The romance in this story exists proportionally to everything else. The story doesn’t feel like a disproportionate monster with a giant head or fifty eyes. Romance exists while the characters are just fine living as individuals. That is the only time happy romance can exist anyway–when the parties involved in the romance aren’t so desperate to be in a romance that they must use arithmetic to ascertain when to respond to their love interest or not. (Friggin’ just respond, or don’t. For gods’ sake!)
And the idea of needing to use arithmetic, so prevalent in other romance stories, is amusing, because one of the main characters in “Crash Course in Romance” happens to be a math teacher in the private sector. (As in, not the public-school education system, but the private-non-school education system, which is huge in Korea.) If there is a character who could reeeeaaaaaally calculate his way to victory in the flirting game, then it would be him. He knows his math. Not just simple arithmetic, but, like, mathematics. But he does not use his skills for such senseless endeavors. What a relief!
Due to this proportionate role that romance plays in the story, it is capable of highlighting various aspects of the characters’ lives that do not exist separately from romance. As in, by not talking about romance incessantly, the story can talk about romance in a more effective way.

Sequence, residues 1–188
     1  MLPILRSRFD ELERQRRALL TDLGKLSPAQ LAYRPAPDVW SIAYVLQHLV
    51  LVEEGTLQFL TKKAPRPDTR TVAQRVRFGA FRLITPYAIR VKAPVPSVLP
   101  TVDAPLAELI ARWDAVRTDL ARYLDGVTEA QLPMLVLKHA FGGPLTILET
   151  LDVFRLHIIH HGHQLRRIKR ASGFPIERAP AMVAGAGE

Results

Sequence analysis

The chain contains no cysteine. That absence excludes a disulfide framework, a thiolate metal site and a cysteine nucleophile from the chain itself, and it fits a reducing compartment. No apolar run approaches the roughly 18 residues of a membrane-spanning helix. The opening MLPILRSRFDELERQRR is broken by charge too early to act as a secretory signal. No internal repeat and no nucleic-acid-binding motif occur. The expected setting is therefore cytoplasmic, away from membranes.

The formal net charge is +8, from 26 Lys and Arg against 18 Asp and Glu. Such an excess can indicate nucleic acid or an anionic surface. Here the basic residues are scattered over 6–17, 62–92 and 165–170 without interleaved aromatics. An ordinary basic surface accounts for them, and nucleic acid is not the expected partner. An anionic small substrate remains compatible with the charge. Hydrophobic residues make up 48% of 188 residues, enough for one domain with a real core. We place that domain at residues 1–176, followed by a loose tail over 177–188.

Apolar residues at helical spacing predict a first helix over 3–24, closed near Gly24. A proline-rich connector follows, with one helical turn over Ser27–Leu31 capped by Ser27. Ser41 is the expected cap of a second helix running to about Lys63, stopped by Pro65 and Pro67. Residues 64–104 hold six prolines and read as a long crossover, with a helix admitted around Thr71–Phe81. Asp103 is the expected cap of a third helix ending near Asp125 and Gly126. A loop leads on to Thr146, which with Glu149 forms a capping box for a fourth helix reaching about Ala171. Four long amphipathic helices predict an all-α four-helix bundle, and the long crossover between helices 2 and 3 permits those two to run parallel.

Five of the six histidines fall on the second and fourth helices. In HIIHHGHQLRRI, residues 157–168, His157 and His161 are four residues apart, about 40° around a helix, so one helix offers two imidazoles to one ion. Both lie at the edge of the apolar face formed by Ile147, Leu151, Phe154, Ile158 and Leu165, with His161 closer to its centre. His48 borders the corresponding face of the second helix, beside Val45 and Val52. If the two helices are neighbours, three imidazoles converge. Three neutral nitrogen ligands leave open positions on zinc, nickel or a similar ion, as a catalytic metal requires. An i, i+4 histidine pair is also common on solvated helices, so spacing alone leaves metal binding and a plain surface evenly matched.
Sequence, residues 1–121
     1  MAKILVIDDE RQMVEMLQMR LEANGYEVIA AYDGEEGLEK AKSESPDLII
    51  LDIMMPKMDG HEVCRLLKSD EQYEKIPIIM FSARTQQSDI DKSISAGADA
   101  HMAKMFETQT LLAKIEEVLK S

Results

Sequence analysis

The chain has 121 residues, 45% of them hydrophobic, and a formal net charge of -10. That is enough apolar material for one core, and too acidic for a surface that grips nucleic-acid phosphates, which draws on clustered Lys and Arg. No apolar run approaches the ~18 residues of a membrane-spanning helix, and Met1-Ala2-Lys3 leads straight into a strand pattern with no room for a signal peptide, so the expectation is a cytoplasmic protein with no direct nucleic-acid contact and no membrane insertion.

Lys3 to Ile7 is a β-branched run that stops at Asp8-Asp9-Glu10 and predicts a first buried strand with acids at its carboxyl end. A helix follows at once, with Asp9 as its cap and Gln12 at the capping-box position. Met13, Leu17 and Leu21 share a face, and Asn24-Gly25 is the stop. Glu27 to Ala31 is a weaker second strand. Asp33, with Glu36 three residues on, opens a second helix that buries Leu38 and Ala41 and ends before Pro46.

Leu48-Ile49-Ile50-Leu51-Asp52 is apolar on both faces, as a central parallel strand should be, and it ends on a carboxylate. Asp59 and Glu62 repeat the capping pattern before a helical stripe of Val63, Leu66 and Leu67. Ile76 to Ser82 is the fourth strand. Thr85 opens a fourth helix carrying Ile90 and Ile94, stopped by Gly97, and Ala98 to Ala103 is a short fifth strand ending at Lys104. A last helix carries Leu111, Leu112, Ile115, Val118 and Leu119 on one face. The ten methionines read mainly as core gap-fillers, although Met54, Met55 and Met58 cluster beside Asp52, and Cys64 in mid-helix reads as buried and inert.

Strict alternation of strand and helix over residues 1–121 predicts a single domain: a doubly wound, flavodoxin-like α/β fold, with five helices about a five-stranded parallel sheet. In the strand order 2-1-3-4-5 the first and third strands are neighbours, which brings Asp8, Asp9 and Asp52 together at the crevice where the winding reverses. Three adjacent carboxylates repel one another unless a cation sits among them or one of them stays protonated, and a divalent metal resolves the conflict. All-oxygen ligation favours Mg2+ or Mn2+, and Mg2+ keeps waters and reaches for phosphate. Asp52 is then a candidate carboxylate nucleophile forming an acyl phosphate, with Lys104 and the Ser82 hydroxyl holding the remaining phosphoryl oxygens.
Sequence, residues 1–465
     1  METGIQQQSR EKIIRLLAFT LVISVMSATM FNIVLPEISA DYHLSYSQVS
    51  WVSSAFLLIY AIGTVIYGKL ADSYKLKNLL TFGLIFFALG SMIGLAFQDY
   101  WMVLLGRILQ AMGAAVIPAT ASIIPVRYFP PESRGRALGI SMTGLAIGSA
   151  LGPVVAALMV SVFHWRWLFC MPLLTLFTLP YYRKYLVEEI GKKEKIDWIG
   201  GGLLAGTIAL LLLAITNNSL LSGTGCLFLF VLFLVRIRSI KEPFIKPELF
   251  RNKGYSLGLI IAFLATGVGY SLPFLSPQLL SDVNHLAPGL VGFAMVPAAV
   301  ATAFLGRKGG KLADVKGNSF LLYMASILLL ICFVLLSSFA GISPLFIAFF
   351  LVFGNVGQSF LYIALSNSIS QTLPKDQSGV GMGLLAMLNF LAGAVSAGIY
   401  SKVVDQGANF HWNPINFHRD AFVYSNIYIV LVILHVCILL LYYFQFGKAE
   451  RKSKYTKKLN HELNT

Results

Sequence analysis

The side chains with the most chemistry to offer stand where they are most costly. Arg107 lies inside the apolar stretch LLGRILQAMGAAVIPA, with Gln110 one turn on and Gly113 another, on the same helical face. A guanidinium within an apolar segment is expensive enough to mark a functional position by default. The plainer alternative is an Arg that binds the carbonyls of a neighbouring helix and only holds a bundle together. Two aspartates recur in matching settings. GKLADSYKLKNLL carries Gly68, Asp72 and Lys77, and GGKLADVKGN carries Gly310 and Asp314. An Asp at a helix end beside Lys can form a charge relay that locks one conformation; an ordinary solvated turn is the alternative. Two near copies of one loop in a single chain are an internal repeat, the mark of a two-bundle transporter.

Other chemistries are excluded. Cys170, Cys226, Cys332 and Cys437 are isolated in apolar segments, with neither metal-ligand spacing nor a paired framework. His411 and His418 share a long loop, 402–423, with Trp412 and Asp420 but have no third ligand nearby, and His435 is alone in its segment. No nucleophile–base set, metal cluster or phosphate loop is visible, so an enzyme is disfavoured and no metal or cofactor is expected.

The aforementioned hugeness of the private education sector is a concrete manifestation of the main theme of the story: the obsession with imaginary desirabilities–such as attending a great school, getting a great job, having a good reputation, etc.
Since the story’s core is about the imaginary-ness of such an obsession, it is a relief that the creators had the good sense to keep the imaginary challenges to romance nonexistent. There is no senseless “flirting,” where what is actually happening is insecure calculations. The female lead in this story is so refreshing. I have never seen a character like her in any story in any country. I don’t get the sense that the creators tried to sell her as “perfect”–but the character knows what she wants, as well as what she wants for others in her life, so much so that she even knows when she doesn’t know. In which case, she just says she doesn’t know! What a charming character.
Thoroughly enjoyed this K-drama. Could also be useful for folks interested in seeing a representation of the craze around the private non-school education sector. I hear that the reality is far more intense than what’s depicted in fiction, both in “Crash Course in Romance” as well as in other K-stories dealing with education. Children actually die from being expected to study too much.
At the same time, I know people who live completely oblivious to such a “reality.” When they look back on their school years, they remember lots of fun, instead of stress.
So, as always: one’s reality is only real for oneself. “Crash Course in Romance” makes that fairly clear, while it shows a representation of challenges that feel so concrete to millions of people.